Domenico di Michelino’s ‘Dante and the Divine Comedy‘ from 1465 (below) is a superb example of buon fresco. The colors and details are preserved in the dried plaster wall. Michelino shows the Italian author and poet Dante Aleghieri standing with a copy of the Divine Comedy open in his left hand, gesturing to the illustration of the story depicted around him. The artist shows us four different realms associated with the narrative: the mortal realm on the right depicting Florence, Italy; the heavenly realm indicated by the stepped mountain at the left center – you can see an angel greeting the saved souls as they enter from the base of the mountain; the realm of the damned to the left – with Satan surrounded by flames greeting them at the bottom of the painting; and the realm of the cosmos arching over the entire scene.
Fresco secco refers to painting an image on the surface of a dry plaster wall. This medium requires a binder since the pigment is not mixed into the wet plaster. Egg tempera is the most common binder used for this purpose. It was common to use fresco secco over buon fresco murals in order to repair damage or make changes to the original.
Leonardo Da Vinci’s painting of ‘The Last Supper‘ (below) was done using fresco secco.
Unfortunately, Leonardo also experimented with other processes and media as he painted the work and almost immediately it began to dry and flake from the wall. It has been “in restauro”, or under restoration, for many years.
Oil paint is the most versatile of all the painting mediums. It uses pigment mixed with a binder of linseed oil. Linseed oil can also be used as the vehicle, along with mineral spirits or turpentine. Oil painting was thought to have developed in Europe during the 15th century, but recent research on murals found in Afghani caves show oil based paints were used there as early as the 7th century.
Some of the qualities of oil paint include a wide range of pigment choices, its ability to be thinned down and applied in almost transparent glazes as well as used straight from the tube (without the use of a vehicle), built up in thick layers called impasto (you can see this in many works by Vincent van Gogh). One drawback to the use of impasto is that over time the body of the paint can split, leaving networks of cracks along the thickest parts of the painting. Because oil paint dries slower than other mediums, it can be blended on the support surface with meticulous detail. This extended working time also allows for adjustments and changes to be made without having to scrape off sections of dried paint.
In Jan Brueghel the Elder’s still life oil painting you can see many of the qualities mentioned above. The richness of the paint itself is evident in both the resonant lights and inky dark colors of the work. The working of the paint allows for many different effects to be created, from the softness of the flower petals to the reflection on the vase and the many visual textures in between.
Richard Diebenkorn’s Cityscape #1 from 1963 shows how the artist uses oil paint in a more fluid, expressive manner. He thins down the medium to obtain a quality and gesture that reflects the sunny, breezy atmosphere of a California morning. Diebenkorn used layers of oil paint, one over the other, to let the under painting show through and a flat, more geometric space that blurs the line between realism and abstraction.
Rembrandt was a master of paint-handling, and made more self-portraits than practically any other artist in history. This painting from around 1662 shows the technique of impasto used to build up a wrinkled and cratered surface that suggests the weathered skin of the artist in old age.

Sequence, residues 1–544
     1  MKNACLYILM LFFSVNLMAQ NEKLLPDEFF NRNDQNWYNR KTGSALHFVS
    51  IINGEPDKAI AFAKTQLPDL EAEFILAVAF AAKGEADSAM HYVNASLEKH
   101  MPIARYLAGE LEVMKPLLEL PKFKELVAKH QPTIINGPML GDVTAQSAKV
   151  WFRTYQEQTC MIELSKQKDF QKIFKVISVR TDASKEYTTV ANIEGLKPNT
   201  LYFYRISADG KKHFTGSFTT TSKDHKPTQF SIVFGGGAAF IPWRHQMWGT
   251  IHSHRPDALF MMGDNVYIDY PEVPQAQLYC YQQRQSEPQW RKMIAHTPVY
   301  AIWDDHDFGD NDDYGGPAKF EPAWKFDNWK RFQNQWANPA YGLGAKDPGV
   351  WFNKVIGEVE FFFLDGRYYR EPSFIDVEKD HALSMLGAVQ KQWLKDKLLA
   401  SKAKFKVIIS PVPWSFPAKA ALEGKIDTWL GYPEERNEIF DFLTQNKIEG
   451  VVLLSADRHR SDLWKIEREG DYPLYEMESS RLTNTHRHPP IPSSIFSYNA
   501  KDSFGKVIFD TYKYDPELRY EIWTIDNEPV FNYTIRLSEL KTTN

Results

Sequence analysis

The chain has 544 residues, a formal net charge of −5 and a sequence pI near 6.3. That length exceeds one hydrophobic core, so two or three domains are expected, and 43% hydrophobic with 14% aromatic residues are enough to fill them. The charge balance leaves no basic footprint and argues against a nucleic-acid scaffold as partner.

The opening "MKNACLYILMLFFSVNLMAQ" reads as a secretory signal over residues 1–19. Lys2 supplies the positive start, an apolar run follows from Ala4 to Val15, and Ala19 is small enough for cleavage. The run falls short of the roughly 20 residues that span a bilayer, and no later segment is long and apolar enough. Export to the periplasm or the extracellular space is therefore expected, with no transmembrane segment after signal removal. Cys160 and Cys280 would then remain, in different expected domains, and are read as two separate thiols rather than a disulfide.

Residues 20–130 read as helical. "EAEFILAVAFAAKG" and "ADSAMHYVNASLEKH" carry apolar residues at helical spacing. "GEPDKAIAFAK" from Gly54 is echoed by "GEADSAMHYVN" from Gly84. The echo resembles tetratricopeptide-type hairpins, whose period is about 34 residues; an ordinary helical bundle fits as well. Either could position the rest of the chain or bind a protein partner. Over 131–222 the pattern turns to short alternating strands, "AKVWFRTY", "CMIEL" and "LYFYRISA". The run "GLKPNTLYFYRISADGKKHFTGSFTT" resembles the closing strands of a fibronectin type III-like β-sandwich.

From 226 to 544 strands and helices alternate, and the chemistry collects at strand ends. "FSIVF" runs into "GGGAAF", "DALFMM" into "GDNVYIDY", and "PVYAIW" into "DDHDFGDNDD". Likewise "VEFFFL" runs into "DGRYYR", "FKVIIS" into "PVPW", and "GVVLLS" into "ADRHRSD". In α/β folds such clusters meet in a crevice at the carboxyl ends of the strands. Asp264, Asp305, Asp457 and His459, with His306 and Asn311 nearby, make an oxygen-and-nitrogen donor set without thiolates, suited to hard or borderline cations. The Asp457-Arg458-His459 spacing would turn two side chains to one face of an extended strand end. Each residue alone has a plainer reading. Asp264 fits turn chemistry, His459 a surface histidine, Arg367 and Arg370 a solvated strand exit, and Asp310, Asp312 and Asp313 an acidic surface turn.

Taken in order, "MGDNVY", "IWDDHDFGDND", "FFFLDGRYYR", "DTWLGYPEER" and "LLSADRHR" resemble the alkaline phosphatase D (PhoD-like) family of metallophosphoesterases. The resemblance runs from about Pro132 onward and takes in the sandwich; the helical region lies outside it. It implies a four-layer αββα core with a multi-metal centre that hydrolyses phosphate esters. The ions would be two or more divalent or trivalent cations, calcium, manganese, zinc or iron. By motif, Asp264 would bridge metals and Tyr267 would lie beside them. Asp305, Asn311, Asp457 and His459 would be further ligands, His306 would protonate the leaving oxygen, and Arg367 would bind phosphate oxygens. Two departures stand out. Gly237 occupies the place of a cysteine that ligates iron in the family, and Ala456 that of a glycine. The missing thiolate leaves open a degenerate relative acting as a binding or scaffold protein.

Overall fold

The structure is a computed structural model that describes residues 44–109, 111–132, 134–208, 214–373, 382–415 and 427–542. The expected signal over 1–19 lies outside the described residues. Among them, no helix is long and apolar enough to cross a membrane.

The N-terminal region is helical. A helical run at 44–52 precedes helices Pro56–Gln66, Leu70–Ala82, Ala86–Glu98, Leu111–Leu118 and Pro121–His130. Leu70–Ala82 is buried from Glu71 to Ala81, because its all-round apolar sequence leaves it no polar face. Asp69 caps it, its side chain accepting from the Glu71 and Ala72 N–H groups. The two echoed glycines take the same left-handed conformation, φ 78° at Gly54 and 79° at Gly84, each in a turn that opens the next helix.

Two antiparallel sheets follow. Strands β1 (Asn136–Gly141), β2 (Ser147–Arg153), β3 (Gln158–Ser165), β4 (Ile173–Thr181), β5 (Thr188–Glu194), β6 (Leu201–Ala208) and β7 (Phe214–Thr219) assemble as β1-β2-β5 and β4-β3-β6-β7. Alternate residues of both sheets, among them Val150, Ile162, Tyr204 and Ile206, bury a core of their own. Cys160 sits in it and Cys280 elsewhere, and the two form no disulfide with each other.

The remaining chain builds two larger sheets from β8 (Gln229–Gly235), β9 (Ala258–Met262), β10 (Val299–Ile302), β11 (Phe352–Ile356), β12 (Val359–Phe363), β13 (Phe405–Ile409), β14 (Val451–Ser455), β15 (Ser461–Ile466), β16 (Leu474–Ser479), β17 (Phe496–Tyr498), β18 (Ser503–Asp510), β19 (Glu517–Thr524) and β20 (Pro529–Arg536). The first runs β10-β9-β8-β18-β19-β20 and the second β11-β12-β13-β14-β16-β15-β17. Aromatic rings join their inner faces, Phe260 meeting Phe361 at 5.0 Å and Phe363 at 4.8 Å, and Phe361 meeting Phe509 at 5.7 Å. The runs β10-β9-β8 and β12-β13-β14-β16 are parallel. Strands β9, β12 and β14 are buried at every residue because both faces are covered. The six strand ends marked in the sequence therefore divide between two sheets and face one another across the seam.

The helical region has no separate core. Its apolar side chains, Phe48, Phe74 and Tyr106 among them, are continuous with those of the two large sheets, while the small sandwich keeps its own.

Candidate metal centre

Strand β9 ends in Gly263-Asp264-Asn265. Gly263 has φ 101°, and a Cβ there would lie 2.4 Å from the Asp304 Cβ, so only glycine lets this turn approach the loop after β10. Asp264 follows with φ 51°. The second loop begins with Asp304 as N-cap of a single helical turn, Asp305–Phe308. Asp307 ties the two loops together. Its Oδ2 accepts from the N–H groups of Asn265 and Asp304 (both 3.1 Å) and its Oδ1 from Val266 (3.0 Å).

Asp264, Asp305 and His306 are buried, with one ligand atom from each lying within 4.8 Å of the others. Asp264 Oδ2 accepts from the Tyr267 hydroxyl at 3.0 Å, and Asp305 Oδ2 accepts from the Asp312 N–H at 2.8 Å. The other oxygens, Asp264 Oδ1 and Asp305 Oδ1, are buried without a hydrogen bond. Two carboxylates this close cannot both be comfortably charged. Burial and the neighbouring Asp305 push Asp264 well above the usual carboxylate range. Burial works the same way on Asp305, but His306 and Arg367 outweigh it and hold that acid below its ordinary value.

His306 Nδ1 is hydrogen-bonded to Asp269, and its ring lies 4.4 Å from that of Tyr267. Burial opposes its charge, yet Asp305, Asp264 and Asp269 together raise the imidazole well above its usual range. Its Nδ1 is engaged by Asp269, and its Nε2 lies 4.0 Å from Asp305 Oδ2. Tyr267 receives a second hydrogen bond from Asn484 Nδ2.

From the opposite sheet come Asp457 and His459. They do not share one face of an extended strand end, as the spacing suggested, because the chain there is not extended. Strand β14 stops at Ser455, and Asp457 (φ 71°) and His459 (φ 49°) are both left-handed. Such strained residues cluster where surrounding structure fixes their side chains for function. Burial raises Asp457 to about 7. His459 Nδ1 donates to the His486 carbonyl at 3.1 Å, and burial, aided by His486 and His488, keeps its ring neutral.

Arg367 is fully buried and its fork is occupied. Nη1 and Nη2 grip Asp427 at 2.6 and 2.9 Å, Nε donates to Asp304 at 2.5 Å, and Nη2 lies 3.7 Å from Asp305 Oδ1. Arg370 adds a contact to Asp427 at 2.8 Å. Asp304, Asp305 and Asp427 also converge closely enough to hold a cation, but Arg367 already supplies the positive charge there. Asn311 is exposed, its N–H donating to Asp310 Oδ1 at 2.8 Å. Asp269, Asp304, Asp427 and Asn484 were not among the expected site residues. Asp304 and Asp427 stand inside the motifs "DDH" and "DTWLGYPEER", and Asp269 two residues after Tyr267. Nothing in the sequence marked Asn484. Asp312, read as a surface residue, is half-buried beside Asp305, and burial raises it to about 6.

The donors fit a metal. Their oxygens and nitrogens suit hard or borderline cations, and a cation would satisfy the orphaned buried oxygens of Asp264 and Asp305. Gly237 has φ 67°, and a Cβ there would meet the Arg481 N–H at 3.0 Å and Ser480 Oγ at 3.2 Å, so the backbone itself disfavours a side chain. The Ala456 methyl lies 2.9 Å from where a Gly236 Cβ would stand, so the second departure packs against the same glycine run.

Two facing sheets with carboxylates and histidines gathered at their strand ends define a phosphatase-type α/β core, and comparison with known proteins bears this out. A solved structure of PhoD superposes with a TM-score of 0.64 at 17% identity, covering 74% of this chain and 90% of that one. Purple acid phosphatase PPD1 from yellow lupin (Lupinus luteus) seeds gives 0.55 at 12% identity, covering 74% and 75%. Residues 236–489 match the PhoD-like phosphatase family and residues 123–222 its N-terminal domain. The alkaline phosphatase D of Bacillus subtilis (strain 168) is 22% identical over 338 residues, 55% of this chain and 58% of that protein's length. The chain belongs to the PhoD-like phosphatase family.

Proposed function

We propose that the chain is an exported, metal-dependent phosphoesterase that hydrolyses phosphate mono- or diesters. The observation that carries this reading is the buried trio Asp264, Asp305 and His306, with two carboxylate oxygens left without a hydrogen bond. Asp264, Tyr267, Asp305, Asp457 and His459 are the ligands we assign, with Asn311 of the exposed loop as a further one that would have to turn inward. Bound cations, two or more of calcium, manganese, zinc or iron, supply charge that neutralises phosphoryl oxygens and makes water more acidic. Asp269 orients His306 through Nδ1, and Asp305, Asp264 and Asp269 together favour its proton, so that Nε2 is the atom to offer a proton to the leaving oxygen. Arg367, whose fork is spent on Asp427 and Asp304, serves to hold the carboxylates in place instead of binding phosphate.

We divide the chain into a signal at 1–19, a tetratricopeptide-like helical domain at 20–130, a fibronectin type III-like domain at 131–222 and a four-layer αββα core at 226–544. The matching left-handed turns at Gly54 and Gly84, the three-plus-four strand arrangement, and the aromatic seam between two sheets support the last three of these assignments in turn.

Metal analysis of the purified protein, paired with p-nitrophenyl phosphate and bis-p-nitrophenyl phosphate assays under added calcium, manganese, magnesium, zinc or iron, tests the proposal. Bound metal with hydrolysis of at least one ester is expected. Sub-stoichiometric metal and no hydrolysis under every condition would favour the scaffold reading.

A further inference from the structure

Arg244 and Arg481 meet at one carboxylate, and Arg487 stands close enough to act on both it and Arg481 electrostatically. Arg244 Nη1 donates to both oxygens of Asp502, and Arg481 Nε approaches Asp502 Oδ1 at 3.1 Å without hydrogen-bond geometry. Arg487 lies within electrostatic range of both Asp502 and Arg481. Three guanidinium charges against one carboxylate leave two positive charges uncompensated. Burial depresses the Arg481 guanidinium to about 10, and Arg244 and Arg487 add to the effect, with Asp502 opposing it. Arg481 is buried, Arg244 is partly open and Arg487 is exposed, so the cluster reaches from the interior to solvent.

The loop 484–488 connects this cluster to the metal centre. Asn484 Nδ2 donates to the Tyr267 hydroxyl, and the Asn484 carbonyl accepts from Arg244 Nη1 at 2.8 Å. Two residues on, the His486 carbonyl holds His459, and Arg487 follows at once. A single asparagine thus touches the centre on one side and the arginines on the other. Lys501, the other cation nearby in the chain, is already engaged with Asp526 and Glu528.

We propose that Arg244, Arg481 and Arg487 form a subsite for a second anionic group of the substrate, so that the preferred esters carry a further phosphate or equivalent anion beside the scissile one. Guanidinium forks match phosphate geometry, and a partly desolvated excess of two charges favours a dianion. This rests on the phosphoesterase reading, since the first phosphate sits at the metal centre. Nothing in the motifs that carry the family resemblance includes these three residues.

The Abstract Expressionist painters pushed the limits of what oil paint could do. Their focus was in the act of painting as much as it was about the subject matter. Indeed, for many of them there was no distinction between the two. The work of Willem de Kooning leaves a record of oil paint being brushed, dripped, scraped and wiped away all in a frenzy of creative activity.
Acrylic paint became commercially available in the 1950’s as an alternative to oils. Pigment is suspended in an acrylic polymer emulsion binder and uses water as the vehicle. The acrylic polymer has characteristics like rubber or plastic. Acrylic paints offer the body, color resonance and durability of oils without the expense, mess and toxicity issues of using heavy solvents to mix them. One major difference is the relatively fast drying time of acrylics. They are water soluble, but once dry become impervious to water or other solvents. Moreover, acrylic paints adhere to many different surfaces and are extremely durable. Acrylic impastos will not crack or yellow over time as oils sometimes do.
Beatriz Milhaze is a Brazilian artist who uses the unique properties of acrylic to create her intricate patterned surfaces. She paints a design on a sheet of plastic and presses it to a canvas which may already contain other painted areas or designs. When it has dried she peels away the plastic sheet leaving the acrylic form attached to the canvas.
Portland artist Troy Mathews uses latex paint, acrylic paint, and welding crayon on an unstretched drop cloth in this painting of St. Louis Cardinal’s pitcher Bob Gibson from 2016.
The painting is titled The Black Body Problem, a scientific term that refers to objects that absorb light without reflecting light back. German theoretical physicist Max Planck in ca. 1900 created a theory regarding “black-body radiation.” His work was useful to Albert Einstein’s theory of relativity. Mathews uses the term to refer to America’s “black-body problem” of race. Gibson played from 1959-1975 and was a nine-time All-Star, Two-time world Series champion and was awarded two Cy Young Awards during the era of the Civil Rights Movement.
He was also subjected to discrimination by rival teams, fans, and some of his own team-members during his career. Mathews uses opaque paint media that tend to absorb light on a porous support – the canvas drop cloth – that also absorbs paint. His figure captures the dynamic energy of the athlete just after the pitch and the determination that the historical figure exhibited in confronting his social circumstances. Contemporary artists use various media to deepen the meaning of the images and subjects they represent, and Mathews’ painting is a good example of how that works. See more of Mathews’ work at